Torres-Durante et al. (2009) investigated the use of LDH as a buffer for NO3 in the soil. The experiments were conducted with plants and soil in order to evaluate NO3 adsorption capacity by LDH during crop growth, its ability to adsorb mineralized NO3 during soil fallow period and its influence on this anion leaching. Addionally, it was assessed the NO3 exchange reversibility with other anions in LDH under cultivation conditions. Finally, it was determined the buffering capacity of NO3 concentration in the soil. The results showed that during the growth period of the plant, the presence of LDH did not alter the N accumulation in plants. Given the NO3 adsorption in LDH, the N-NO3 concentration in the soil solution at harvest was reduced by a factor of 10 compared to a soil without LDH. Therefore, LDH has efficiently adsorbed the mineralized NO3 in the soil during non-growing seasons, reducing leaching in approximately 80 % while keeping the NO3 available for the next crop. The buffering capacity of NO3 in soil after 15 months increased from 0.3 to 2.7 with the application of 10 g kg-1 of LDH. The researchers concluded that LDH has the potential to be used as a long-term exchanger to control NO3 movement within the soil, thus reducing NO3 leaching.

Silva et al. (2014a,b) reported LDH intercalated with NO3 as potential slow-release fertilizer. LDH were subjected to NO3 release tests in NaHCO3 buffered solution at pH 6.5 and distilled water. Release curves demonstrated two NO3 release events, a quick initial one followed by a slow and gradual event.

Berber et al. (2014) synthesized and characterized a MgAl-NO3-LDH. This material was used as source of sustainable-release of NO3 in the soil. Nitrate release was monitored at different media with solutions that simulate soil composition, one simulating an acid soil solution and other a basic one. In addition, it was evaluated the influence of temperature (15, 25 and 35 °C) in the release of NO3. The release of NO3 intercalated with LDH showed that in the acid soil the sustainable process lasted for 16 days at 15 °C, whereas in basic soil at the same temperature, this process lasted for 20 days. The results for the different pH and temperature conditions encourage the use of these materials as sources for slow release of NO3 in the soil.

In a current research by our group, we used MgAl-NO3-LDH as source of storage and slow-release of NO3 for plants. Bioassays were performed using the same soil and subsequent cultivation of different plant species: (i) Raphanus sativua (radish); (ii) Lactuca sativa (lettuce) and (iii) Sorghum bicolor L. Mornch (sorghum). The release of NO3 intercalated in LDH was compared with two N commercial fertilizers, urea and NH4NO3. It was observed high feasibility of use of these materials as regulators of storage and slow-release of NO3 to the plants (Figure 9).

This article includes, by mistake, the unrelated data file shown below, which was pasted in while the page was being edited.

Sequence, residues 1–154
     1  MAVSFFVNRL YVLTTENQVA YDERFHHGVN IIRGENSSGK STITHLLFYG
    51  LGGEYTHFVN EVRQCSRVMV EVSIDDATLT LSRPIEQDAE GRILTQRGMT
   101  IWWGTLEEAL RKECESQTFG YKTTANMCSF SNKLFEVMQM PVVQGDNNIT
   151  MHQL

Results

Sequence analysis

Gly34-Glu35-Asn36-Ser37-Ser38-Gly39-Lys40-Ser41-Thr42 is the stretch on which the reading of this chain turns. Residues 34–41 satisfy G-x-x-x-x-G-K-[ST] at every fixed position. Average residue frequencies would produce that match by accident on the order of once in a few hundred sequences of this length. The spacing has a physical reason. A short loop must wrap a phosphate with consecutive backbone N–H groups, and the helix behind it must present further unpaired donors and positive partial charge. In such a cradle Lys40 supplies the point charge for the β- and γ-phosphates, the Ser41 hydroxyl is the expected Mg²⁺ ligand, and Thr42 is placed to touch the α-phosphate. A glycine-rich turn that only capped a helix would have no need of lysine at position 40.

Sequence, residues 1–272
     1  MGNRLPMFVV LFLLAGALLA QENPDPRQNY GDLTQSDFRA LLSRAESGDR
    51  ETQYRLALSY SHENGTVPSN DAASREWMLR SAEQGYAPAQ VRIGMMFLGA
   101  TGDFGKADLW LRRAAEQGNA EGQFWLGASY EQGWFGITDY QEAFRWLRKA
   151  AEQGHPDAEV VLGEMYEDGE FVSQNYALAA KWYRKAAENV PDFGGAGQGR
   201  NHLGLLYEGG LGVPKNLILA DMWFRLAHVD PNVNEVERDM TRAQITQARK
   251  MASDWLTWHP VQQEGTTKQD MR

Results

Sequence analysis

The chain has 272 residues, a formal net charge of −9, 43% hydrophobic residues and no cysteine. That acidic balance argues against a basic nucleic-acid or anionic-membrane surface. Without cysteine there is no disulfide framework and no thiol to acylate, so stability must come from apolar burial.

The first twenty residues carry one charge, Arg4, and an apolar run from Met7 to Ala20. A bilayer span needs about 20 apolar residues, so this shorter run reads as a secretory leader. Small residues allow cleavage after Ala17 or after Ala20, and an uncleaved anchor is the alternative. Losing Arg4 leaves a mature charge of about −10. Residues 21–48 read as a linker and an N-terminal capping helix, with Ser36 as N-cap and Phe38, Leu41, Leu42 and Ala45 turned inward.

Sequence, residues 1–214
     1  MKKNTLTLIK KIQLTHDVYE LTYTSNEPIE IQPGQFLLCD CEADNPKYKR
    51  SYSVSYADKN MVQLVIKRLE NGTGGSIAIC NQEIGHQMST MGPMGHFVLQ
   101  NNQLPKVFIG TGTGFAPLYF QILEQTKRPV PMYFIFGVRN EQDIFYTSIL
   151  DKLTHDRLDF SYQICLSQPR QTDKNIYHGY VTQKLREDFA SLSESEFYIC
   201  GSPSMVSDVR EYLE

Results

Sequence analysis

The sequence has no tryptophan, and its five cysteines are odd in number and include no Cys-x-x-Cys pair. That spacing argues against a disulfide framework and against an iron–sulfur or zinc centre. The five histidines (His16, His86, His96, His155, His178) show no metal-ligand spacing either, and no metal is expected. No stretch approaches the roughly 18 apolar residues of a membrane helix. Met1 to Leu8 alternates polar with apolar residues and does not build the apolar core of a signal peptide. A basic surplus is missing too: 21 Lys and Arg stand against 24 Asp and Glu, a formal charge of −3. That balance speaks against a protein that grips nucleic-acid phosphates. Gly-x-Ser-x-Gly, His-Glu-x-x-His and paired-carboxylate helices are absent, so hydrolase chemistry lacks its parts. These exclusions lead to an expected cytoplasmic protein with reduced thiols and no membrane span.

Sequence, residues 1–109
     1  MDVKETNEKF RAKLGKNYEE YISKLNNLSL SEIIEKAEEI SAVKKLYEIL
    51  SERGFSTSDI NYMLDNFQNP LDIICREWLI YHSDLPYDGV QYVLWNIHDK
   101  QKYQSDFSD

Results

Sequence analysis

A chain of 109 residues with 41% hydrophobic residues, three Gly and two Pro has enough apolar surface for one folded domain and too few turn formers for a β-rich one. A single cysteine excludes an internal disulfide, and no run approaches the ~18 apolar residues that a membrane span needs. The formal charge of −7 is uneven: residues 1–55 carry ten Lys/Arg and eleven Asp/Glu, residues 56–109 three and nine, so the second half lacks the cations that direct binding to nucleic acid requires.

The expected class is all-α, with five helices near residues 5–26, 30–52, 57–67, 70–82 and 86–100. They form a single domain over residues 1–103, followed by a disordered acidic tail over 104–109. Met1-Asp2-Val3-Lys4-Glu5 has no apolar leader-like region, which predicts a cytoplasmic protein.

Figure 9 Absorbed nitrogen by successive crops of radish, lettuce and sorghum influenced by N sources and doses (low N: 40 mg dm-3 and high N: 100 mg dm-3). 

Orthophosphoric acid (H3PO4) is a polyprotic acid that in an aqueous medium produces conjugate bases H2PO4, HPO2-4 and PO3-4 . These buffers hinder synthesis of LDH intercalated with phosphate by direct synthesis. Thus, for the synthesis of LDH intercalated with phosphate, it is commonly used indirect methods of synthesis, such as anion exchange from a LDH precursor intercalated with NO3 or Cl . Ookubo et al. (1993) studied phosphate intercalated in MgAl-LDH by indirect synthesis methods. First, a precursor LDH intercalated with Cl was prepared by coprecipitation at constant pH. Then, the synthesized material was subjected to an ion exchange reaction in a solution containing phosphate. Results showed that depending on exchange reaction conditions (solution pH); more than one phosphate type could be intercalated.

Khaldi et al. (1998), Badreddine et al. (1999) and Legrouri et al. (1999) studied the influence of pH on phosphate exchange reaction by NO3 and Cl intercalated in LDH. Through infrared spectra, it was possible to verify different phosphate species intercalated within the LDH concerning the exchange reaction conditions.

Woo et al. (2011) studied the synthesis, crystallographic characterization and kinetics of the release of phosphate intercalated in a CaFe-LDH. These authors highlighted the importance of this material as phosphate slow-release fertilizer, although they have not carried out tests with plants to check the real effectiveness of the material.

Sources for Agrochemical Storage and Slow-Release

Agrochemicals are frequently applied at higher doses than needed to increase the pest control effectiveness. However, high doses of agrochemicals in soils generate a series of environmental problems such as soil and water contamination. The use of host inorganic sources for the encapsulation of agrochemicals in silicate clays and zeolites, bring LDH to be subject of several studies (Li et al., 2008; Bruna et al., 2009; Ramesh and Reddy, 2011). Synergistic effect benefits of the interaction between inorganic sources and agrochemicals may be used with environmental hazard reduction.

Cardoso et al. (2006) intercalated 2.4-D, MCPA [(4-chloro-2-methylphenoxy) acetic acid] and Picloram anionic herbicides in MgAl-LDH. The produced materials were characterized and tested by herbicide-release assays in water and soil leaching columns. In addition, herbicidal activity was also tested in bioassays using cress (Lepidium sativum) as test plant. According to the researchers, results have shown that LDH controlled the release of the herbicides.